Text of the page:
IV. Be Invulnerable

The promise of invulnerability, the war on suffering, and Stoic rap

Welcome to The Stoa Letter, the newsletter on Stoic theory and practice.

Each week we share one meditation on Stoic theory, one action to do in order to become more Stoic, and links to the best resources we’ve found.

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🏛️ Theory

Stoicism offers the promise of invulnerability.

As Marcus Aurelius wrote to himself:

External things are not the problem. It’s your assessment of them. Which you can erase right now.

Meditations, 8.47

How can this be true? Can we wish away suffering?

Ancient philosophy and modern wisdom agree: how we interpret the world determines how we experience it.

The Roman philosopher and statesman, Cicero, wrote:

The mere fact that men endure the same pain more easily when they voluntarily undergo it for the sake of their country than when they suffer it for some lesser cause, shows that the intensity of the pain depends on the state of mind of the sufferer, not on its own intrinsic nature.

De Finibus, Book III

What we believe influences what we feel – and what we believe is up to us.

Does that mean we can wish away suffering just like that? It’s not easy.

We cannot decide to believe that the sun is set if it is obviously sitting in the sky. We cannot vanquish grief over losing a loved one by snapping our fingers.

Yet we change our considered judgments over time. Starting now.

Of course, you may always find yourself with an involuntary and immediate reaction. You cannot control that at the moment. But who you are and how you handle the situations that life throws at you – that is up to you.

How so?

You control your awareness, how you frame events, and values.

Even when you are in the grip of passion you can change what you pay attention to. Instead of stressing and ruminating, you can exercise, watch a movie, or reach out to friends. Focus fuels negative thought patterns. They starve when they’re not rewarded with attention.

You can always reframe experiences. You shouldn’t assume that what you immediately believe is true. Instead, you can see an insult as a challenge. You can get energy from the fact that someone is underestimating you. How you respond to adversity is up to you.

Finally, you can transform what you value. To change your values you need to repeatedly express them in thought and action. That is how you create yourself. As Marcus Aurelius writes:

It can ruin your life only if it ruins your character. Otherwise it cannot harm you—inside or out.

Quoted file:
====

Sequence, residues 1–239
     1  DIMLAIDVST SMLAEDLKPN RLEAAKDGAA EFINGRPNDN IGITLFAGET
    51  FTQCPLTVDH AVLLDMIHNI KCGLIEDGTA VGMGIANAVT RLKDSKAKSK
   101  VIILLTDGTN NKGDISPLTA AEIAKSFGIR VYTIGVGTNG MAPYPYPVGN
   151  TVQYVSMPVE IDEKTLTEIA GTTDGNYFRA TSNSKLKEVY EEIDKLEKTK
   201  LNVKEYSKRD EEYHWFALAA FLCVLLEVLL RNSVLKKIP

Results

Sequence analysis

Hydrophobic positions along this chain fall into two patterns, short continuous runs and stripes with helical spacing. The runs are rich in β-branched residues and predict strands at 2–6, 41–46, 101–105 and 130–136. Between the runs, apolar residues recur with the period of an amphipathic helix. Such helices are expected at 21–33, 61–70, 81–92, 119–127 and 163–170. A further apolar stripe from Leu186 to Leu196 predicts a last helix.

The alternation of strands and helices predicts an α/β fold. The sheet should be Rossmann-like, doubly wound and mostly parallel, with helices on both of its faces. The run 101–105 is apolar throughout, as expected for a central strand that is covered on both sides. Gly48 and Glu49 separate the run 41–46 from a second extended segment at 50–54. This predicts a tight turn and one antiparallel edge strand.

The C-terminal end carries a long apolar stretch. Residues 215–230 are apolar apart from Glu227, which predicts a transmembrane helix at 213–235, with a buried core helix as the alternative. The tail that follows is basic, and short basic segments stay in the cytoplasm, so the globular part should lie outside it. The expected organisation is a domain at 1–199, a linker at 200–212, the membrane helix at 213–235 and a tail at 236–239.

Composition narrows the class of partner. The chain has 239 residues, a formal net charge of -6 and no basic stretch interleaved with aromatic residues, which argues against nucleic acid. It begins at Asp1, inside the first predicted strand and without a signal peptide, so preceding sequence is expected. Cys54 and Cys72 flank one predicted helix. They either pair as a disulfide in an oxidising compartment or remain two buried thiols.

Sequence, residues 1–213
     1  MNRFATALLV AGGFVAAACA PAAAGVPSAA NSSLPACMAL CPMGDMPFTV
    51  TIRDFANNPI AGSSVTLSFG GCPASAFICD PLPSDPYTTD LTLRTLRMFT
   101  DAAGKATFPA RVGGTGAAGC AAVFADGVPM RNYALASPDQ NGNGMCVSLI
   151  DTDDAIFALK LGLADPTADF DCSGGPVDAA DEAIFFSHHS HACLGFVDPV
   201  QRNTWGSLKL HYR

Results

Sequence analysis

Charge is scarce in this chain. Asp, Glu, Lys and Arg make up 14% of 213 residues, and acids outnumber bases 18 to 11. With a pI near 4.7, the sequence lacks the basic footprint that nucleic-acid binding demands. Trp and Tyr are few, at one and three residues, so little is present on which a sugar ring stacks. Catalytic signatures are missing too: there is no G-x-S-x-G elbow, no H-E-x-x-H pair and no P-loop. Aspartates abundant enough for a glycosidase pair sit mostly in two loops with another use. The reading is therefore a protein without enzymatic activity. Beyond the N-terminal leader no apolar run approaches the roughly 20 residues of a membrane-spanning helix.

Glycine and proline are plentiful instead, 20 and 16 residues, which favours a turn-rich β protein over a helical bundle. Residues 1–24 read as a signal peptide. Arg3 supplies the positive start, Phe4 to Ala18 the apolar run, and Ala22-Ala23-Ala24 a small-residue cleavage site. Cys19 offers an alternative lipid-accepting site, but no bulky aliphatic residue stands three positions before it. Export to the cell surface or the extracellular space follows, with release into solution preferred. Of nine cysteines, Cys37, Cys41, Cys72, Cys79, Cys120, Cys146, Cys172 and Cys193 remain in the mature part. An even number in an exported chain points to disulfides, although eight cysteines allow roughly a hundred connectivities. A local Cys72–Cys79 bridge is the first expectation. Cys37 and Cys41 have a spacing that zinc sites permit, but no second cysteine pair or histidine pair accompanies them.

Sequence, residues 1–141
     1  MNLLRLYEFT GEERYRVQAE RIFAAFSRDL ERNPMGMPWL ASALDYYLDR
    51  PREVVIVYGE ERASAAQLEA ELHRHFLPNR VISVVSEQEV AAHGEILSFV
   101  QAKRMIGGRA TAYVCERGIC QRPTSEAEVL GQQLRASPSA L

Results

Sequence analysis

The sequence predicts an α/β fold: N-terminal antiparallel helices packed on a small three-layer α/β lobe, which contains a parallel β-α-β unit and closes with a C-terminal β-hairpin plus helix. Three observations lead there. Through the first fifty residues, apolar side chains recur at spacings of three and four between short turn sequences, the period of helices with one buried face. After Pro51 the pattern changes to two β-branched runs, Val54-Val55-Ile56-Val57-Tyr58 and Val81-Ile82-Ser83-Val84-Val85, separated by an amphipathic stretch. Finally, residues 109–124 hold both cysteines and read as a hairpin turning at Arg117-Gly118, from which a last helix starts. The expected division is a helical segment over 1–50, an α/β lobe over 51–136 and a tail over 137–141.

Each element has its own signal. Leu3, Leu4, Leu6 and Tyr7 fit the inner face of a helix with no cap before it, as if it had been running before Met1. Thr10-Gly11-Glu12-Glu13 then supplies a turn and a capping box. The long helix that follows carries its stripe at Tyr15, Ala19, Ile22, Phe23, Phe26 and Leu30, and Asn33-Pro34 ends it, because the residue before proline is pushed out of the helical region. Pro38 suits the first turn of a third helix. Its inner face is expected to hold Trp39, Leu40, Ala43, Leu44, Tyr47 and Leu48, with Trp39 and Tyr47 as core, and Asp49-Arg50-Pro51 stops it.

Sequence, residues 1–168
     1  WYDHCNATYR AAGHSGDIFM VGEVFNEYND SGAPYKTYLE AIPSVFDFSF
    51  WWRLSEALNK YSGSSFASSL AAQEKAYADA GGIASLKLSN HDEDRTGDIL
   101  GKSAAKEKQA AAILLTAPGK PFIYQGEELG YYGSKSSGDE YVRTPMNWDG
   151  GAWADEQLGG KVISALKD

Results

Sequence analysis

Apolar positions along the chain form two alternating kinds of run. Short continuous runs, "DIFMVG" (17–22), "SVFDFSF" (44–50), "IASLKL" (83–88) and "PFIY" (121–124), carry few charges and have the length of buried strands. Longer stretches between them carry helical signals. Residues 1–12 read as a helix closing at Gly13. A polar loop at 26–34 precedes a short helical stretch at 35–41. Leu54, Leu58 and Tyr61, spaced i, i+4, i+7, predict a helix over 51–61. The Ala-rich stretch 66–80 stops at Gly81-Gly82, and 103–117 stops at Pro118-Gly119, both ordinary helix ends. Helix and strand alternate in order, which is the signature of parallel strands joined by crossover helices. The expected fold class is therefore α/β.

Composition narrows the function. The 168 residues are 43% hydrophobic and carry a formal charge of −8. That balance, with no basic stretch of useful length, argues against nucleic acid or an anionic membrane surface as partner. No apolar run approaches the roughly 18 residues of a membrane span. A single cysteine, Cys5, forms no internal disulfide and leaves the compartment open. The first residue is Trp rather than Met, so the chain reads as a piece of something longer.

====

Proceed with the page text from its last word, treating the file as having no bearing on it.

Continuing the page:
Meditations, 4.8

No one can harm Marcus Aurelius because he only cares about his character. That is up to him, not others.

This is the Stoic’s armor. What matters is our character and only we have control over that. Hence, we are only harmed when we do damage to ourselves. Nothing else can touch us. Everything else is indifferent.

By shifting our attention, reframing our experiences, and changing what we value we can handle anything life throws at us.

Our job is to think well, if we do that then we cannot be harmed.

🎯 Action

When you encounter suffering, try one of the following strategies:

  • Move your attention to what matters

  • Reframe your experience

  • Remind yourself what you value

Or perhaps all three: move your attention to what matters in the situation – your character – and reframe the experience in that light.

🔗 Links

📔 The quotes from Marcus Aurelius above come from Gregory Hay’s translation of Meditations. The rest of 8.47 is awesome:

External things are not the problem. It’s your assessment of them. Which you can erase right now.

If the problem is something in your own character, who’s stopping you from setting your mind straight?

And if it’s that you’re not doing something you think you should be, why not just do it?

–But there are insuperable obstacles.

Then it’s not a problem. The cause of your inaction lies outside you.

Then depart, with a good conscience, as if you’d done it embracing the obstacles too.

Meditations, 8.47

The idea of embracing obstacles as if you’ve created them yourself is the idea of to willing acceptance. We wrote about that in the second letter. Amazing to see techniques that are highlighted in 21st-century therapies present in the journal of a Roman emperor from the 2nd century.

📰 Read this compelling piece by the venture capitalist Katherine Boyle The War on Suffering:

Though we may not realize it, nearly all of our modern cultural debates and ailments stem from the contemporary belief that suffering is not a natural or essential part of the human condition. The war on suffering has not only robbed us of resilience; it has sold us a mirage that is making us miserable.

Stoicism acknowledges the reality of pain while rejecting its ability to harm us. A life of permanent comfort is not a good one. First, it’s impossible. Ill fortune comes for everyone in the end. Second, it avoids the difficult project of shaping ourselves into someone who can handle whatever life throws at us.

Katherine ends her piece with the following challenge:

We have long been fully invested in eradicating the suffering we deem unconscionable, but more important are the simple questions that define a serious life: For whom will you sacrifice? What will you defend? For what will you choose to suffer?

📺️ Now for something fun – a surprisingly accurate and compelling, rap about the benefits of Stoicism:

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